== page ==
My Favorite Ugly Duckling Just Went Up For Sale!

So, there’s that house you always pass, and you think, “what a cool little dormer — that window is only 12″x12″.” You think, “why doesn’t someone slap a coat of paint on that miniature bungalow?” You think, “Boo Radley lives there.”

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Beverly has some beautiful vernacular architecture, but the contractor’s special at 73 Livingston Avenue is a gem for lovers of small-footprint antique houses. Once this place has been loved into a “condo alternative,” someone is going to have a unique piece of Beverly history. $199 per square foot, great neighborhood, convenient access to I128, closer to the train than my house!

This is a nice Tudor in the very posh Beverly Cove area: 16 Corning Street is just $257 per square foot at $485k.

2 Locust Street is in the Kernwood Neighborhood, which I wrote about last week — country club, graveyard, close to the water….$210 per sqare foot.

  • Shorty

    73 Livingston Avenue. Finally a house I like.
    Hey, did you see this: http://www.boston.com/realestate/news/blogs/renow/2008/03/the_case_agains.html
    What do you think?

  • mike martin

    Ummmm….whatever. I think that author needs a reality check. How does spending over $10,000 per year renting make more sense than building equity? And, how do you compare imaginary numbers in some mutual fund’s computer with — uh — REAL estate? Most money managers have been telling young people to keep their retirement investment in Real Estate for years. The key is to not get into trouble — live in a place you can afford, that you can afford to heat, and don’t run up your credit cards or over-borrow against your equity. If you’re highly mobile, fine; but if you plan to be in the same geographic place 10 years from now, you’re nuts to keep renting.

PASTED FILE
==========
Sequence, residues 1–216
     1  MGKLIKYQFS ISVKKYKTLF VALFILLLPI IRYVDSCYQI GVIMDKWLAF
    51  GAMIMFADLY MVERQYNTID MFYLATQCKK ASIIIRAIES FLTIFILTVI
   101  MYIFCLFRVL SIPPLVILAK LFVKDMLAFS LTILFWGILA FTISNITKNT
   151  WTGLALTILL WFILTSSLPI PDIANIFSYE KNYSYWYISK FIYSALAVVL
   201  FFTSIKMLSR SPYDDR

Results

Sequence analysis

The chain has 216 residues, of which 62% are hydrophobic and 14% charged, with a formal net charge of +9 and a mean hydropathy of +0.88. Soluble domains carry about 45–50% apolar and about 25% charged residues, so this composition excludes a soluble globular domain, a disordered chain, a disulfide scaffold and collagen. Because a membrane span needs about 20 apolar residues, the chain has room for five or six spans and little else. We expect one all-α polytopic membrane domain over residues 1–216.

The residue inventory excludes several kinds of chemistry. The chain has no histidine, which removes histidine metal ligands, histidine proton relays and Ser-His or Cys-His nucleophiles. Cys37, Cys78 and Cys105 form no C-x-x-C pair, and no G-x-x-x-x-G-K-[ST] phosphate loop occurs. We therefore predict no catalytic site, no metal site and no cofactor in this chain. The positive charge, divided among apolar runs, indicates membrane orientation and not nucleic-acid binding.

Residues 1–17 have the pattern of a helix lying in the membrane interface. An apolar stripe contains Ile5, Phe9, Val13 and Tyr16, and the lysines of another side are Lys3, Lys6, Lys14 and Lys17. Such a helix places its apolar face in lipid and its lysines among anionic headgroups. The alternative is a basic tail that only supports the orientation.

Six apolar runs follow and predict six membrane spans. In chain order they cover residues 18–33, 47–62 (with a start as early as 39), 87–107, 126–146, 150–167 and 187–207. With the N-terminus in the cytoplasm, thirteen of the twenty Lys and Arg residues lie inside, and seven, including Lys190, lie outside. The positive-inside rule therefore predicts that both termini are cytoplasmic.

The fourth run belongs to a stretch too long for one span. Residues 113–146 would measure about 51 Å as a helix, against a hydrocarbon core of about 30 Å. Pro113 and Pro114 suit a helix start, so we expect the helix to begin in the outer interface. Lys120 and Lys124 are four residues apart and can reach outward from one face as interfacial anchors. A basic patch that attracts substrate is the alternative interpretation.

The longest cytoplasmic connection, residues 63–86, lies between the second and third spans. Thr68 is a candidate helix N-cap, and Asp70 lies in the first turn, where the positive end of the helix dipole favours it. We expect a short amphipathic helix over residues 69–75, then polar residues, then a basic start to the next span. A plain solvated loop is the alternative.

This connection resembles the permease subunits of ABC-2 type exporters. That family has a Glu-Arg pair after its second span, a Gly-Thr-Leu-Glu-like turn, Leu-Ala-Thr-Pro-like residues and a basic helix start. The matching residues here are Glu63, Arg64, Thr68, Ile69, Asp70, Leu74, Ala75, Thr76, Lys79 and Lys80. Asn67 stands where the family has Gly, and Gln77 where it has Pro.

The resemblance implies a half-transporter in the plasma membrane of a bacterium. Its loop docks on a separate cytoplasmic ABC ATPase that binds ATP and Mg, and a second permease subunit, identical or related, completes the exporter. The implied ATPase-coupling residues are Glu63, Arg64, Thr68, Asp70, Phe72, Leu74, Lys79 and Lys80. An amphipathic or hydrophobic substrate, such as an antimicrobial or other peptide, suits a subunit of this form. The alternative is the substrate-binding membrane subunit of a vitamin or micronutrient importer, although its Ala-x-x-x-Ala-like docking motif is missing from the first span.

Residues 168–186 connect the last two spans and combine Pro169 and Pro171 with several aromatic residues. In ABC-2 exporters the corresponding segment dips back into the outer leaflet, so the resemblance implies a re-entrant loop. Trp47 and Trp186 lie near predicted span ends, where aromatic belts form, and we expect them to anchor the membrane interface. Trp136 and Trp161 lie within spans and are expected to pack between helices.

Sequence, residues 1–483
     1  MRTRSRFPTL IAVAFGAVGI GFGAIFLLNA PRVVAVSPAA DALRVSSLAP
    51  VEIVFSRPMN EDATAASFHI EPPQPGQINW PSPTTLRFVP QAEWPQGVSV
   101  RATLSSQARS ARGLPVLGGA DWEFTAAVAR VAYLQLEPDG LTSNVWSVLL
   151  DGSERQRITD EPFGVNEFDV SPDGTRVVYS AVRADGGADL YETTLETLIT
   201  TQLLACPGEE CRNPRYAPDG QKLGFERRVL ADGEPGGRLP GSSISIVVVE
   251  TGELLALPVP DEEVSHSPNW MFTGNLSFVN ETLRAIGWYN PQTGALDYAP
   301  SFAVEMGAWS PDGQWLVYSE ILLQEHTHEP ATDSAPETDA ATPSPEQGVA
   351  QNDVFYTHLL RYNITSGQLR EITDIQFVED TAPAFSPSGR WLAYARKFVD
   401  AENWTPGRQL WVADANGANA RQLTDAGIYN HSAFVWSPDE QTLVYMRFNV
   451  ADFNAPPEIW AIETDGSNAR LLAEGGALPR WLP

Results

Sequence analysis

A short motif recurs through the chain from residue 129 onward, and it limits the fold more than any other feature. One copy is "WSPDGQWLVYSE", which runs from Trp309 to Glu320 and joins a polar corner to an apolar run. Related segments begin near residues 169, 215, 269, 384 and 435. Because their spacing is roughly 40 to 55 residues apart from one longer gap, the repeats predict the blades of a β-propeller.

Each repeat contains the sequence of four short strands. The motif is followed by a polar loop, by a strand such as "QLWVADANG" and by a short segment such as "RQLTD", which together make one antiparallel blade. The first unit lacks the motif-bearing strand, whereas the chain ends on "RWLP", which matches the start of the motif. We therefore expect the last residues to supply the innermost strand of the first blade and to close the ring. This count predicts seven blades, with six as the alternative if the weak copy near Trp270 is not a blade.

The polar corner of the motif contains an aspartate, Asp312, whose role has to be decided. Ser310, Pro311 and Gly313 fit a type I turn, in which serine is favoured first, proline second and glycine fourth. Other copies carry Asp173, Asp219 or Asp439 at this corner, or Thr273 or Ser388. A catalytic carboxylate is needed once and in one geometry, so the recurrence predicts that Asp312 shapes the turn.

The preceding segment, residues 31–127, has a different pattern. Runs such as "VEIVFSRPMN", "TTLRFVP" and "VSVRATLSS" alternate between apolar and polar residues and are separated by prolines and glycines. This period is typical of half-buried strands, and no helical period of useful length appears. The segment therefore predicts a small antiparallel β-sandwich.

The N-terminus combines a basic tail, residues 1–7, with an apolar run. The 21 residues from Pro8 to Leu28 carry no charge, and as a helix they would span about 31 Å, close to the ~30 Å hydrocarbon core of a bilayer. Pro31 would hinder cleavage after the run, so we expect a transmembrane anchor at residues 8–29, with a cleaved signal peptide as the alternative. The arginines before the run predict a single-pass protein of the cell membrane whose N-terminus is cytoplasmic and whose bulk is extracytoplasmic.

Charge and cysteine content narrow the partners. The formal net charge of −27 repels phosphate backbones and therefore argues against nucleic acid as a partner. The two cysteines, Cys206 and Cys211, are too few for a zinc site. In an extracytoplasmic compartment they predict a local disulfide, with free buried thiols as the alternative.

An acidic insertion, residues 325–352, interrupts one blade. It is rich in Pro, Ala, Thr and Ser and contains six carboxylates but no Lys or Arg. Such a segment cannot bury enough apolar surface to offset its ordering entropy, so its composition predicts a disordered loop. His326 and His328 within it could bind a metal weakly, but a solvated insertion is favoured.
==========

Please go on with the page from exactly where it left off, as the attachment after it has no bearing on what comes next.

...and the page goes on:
• Shorty

    But Mike, if you are dumping money into something that is losing value, isn’t that the same thing as renting?

  • http://boston.redfin.com/blog/author/mike.martin mike.martin

    No, it isn’t. Think of it like Pascal’s Wager. If you rent, you lose x. If you buy, and your property loses some value — which is RARE over the long term (unless you buy in Pittsburgh) — you can still break even. Especially when you consider the HUGE tax break you get for holding just about any mortgage in the Boston market….

    Think of it like this: If I buy for $300k, and my house’s market value is still only $280k after 10 years, I own a decade of equity AND a decade of bigger tax returns. If I rent for that same period of time, I’ve lost close to/over $100,000. How long does it take you to net $100,000? Real estate builds wealth.

    Renting builds wealth for the landlords — it CONCENTRATES wealth. Real estate is as solid as a steel bike frame, Shorty. Apartments are like riding a Cannondale with a rusty fork — it might seem like a cheap, carefree ride, but it isn’t going to last forever. When your building goes condo or they decide to evict you so they can remodel the whole place and jack the rents is NOT the time to look for greener pastures. Be proactive — buy when the market is down, sit on it, stay away from plastic debt and refinance scams, and you’ll make money AND save money.

  • Shorty

    hmmmm….but there is home insurance, house repair costs, annoyance of recruiting friends to paint stuff. Kind of like taking care of a rusting bike constantly as it falls apart underneath you.

  • http://boston.redfin.com/blog/author/mike.martin mike.martin

    Insurance is really very little money if your house isn’t some kind of mansion. As far as home repair goes — you get your house inspected before you buy it. Aside from the odd light switch or old appliance, you’re probably exaggerating this stuff. True, you have to paint, and you’ll probably WANT to change stuff — but DAMAGE is why you have insurance.

    When you buy your house, it’s either a complete LeMonde out of the box or a good frame that needs upgrades and replacement parts. Home Inspection will help you estimate the cost of making it what you want it to be. Don’t BUY a rustbucket that will fall apart under you! And don’t let anxiety keep you out of the market. And condos are like apartments that you own — you pay the condo association to deal with this stuff.